11. Jonesy1974
    I agree that some of Scott's films aren't paced as I'd like. Prometheus is too short and the final act moves far to rapidly, early reaction suggests covenant suffers the same issue. I wonder how much that is due to Scott putting too much faith in the editor. But at least Scott is trying to tell interesting stories with depth and visually his films always look big budgeted.
    Cameron's last few films are bloated and overlong without a compelling story to carry them imo.
  12. Protozoid
    Robin Hood went over budget because of delays. If you look into what caused those delays, I think you will find it was because of Crowe, not Scott. Remember The Duellists... Scott can make an epic for under a million if he has to, and it will look amazing.
  13. The Eighth Passenger
    I'm not that surprised.  It was an incredibly small scope and was full of actors who are well known for taking small scale wages.

    I wasn't aware that Michael Fassbender, Penélope Cruz, Cameron Diaz and Brad Pitt (all household names) were in the habit of "taking small scale wages"?  ???

    You are right.  That might be why no one is willing to give him that budget again =/

    Yeah, that one didn't do so well. It didn't look that huge in scope either.
  14. Robopadna
    I certainly wouldn't want him too. although Prometheus is undoubtably flawed I still love it and suspect I'll feel the same about Covenant.
    Cameron on the other hand hasn't made a film I liked since T2 no matter how big the budget and that's a real disappointment to me. Feels such a waste.

    I agree.

    Steven Spielberg and Mel Gibson said THE SAME THINGS that Sir Ridley Scott. The 3 LEGENDS criticized these BLOATED Budgets.

    I don't recall anyone saying these things but my guess is they didn't mean what you think they mean (Spielberg has worked on plenty of enormous budgeted films).  The complaint can be that you get into this escalation war where your 400 million dollar movie has to be nearly doing a billion world wide to even break even and that no studio is willing to take on that risk for a non tent pole franchise movie.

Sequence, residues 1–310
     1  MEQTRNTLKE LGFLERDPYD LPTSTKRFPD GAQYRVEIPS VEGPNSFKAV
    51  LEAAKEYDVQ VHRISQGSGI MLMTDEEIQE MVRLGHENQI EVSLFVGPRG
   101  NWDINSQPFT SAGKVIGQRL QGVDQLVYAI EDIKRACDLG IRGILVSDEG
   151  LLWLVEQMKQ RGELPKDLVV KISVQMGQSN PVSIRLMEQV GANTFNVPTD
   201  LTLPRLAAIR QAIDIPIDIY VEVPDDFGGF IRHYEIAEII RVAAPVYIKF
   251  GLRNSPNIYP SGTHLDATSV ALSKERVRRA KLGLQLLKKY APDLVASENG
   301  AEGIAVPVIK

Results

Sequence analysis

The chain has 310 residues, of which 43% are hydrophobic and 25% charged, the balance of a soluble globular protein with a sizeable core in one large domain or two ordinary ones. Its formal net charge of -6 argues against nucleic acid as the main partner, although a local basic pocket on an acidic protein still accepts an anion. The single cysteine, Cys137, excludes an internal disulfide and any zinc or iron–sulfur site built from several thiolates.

And they aren't really wrong.  Audiences, despite what people claim, AREN'T looking for new properties as these huge event movies.  They keep flocking to established ones.

    Alien Covenant has a very real possibility of losing a decent amount of money given the genre and very large budget for that particular genre.  They're going to have to pull somewhere in the neighborhood of 450-500 million world wide to break even.  Prometheus wasn't even close to that.

    Quote
    I was actually surprised to find out he made The Counselor for only $25 million. That's pocket change. Especially considering the cast he had on that.

    I'm not that surprised.  It was an incredibly small scope and was full of actors who are well known for taking small scale wages.  The movie still lost money and, more importantly for that type of a movie, was a critical disaster.

    Quote
    Robin Hood had a $200 million production budget.

    You are right.  That might be why no one is willing to give him that budget again =/

    I love Scott but his strengths are not in telling a well paced story to an audience.
  15. The Eighth Passenger
    I think RS has made many films far bigger in scale and scope than most $250 budgeted movies out there. Hes making a very valid point about films being made with obscene budgets that shouldn't be necessary. The big franchise movies are guaranteed huge box office so they don't care about trimming the fat of the budget as no risk.

    Has he?  I don't know of any off the top of my head.  He made Gladiator for 100 or so back in 2000 but I don't think he's ever been up there.

    Robin Hood had a $200 million production budget.

    Hes making a very valid point about films being made with obscene budgets that shouldn't be necessary.

    I was actually surprised to find out he made The Counselor for only $25 million. That's pocket change. Especially considering the cast he had on that.
  16. PierreVW
    I certainly wouldn't want him too. although Prometheus is undoubtably flawed I still love it and suspect I'll feel the same about Covenant.
    Cameron on the other hand hasn't made a film I liked since T2 no matter how big the budget and that's a real disappointment to me. Feels such a waste.

    I agree.